‘‘Some of the stupid shots I’ve hit, I ultimately decided it was worth the risk. Sometimes I’ve pulled off something that was pretty magical. But I’m always trying to give myself the best chance. What are the odds? I’m much better now at pitching out and trusting my wedge play than I ever used to be, and it’s just because I don’t have the speed like I used to to be able to hit some of the shots. I still see some of those gaps, if I’m in a bad spot, but I just can’t [laughs]. I used to be able to do something like that, but now I’ll just pitch out, wedge it and make my putt.”


‘‘Some guys like to think of the body, turning the chest open [through the shot] and all these different things. I’m terrible at it. I’ve never been good at that feeling. I’m good at either throwing my hands at the ball, throwing behind, releasing it early, releasing it late, dragging them, flipping them. Everything I talk about, you see me explain shots, I explain with my hands. I see shots and envision things that way because my hands are what I contact the club with. I struggle if you say, ‘OK, open your body up and hit it with your body.’ I lose the feel of the shot. To me, I see the shot with my hands.”


‘‘I’ve heard sports psychologists say you should only focus on what you’re doing, block out everything else. I get that, and it’s trying to be in the moment and focus on what you have to do. But if you don’t know down and distance, and you don’t know what’s on the shot clock or how much time you have, or how many points you’re down by, then you’re not really taking into account all the things that could happen and that you should be playing for. Trying to figure all that out is not easy to do, but I think I’ve had a unique sense of it. And not being afraid of it, not being afraid to see what’s on that board and understand what the ramifications are of me pulling this off, me not pulling it off. And it’s OK. If I fail, I fail. If I succeed, I succeed. So it’s not being afraid to understand where I am.”


‘‘Building my game up on the off-weeks for a major championship, I don’t know if it’s right to say it or not, sometimes it’s sacrificing a tournament here or there. Working on a few things knowing that in the bigger picture, things will pan out. Trying shots that I probably shouldn’t try in some events might pay dividends down the road. Sometimes it works out, and I end up winning that event. But the bigger picture is trying to get the mind, body and soul coming together for four times a year. Along the way, if I’m able to tick off wins, it gives me added confidence, knowing that my game is ready.”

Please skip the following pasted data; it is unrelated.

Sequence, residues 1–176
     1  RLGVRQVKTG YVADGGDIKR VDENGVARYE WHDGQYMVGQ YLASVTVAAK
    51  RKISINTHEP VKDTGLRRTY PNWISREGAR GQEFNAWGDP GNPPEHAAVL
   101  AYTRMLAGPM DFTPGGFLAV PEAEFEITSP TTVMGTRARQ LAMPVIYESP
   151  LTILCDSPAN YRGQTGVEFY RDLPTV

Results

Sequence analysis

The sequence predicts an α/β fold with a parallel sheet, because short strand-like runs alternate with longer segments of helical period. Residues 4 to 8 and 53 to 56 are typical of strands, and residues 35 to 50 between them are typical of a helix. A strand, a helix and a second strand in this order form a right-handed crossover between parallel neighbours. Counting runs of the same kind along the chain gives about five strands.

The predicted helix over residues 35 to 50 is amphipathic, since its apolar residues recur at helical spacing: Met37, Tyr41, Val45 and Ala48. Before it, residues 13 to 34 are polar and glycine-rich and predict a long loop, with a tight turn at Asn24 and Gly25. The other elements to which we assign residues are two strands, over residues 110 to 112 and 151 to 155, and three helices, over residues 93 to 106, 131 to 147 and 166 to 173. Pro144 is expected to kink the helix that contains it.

‘‘Charlie—he’s only 10 now—but I’ll never forget when he first beat me. I’d make sure we had putts only from about eight or 10 feet, because he was so small, he couldn’t see very far. Well, I had missed the first putt, and I showed him the line. He made it. I didn’t say anything, and I wondered where he was going to go with the next one. He puts it a foot from the hole, and knocks it in. Doesn’t say anything. Then I put mine a foot from the hole, and knock it in. Don’t say anything. And there was one hole to go. He puts it a foot from the hole on the other side, knocks it in, and before I could put my ball down, he says, ‘I win.’ And I thought, God, that’s my son.”

“My Game: Tiger Woods” is available starting in July on Golf Digest Schools ( in the U.S., China and Korea, worldwide on Tiger.Golf.TV. New episodes added weekly.


“Am I ever nervous? Are you kidding me? I’m nervous on the very first shot. . . . but it’s how I channel it.” Tiger Woods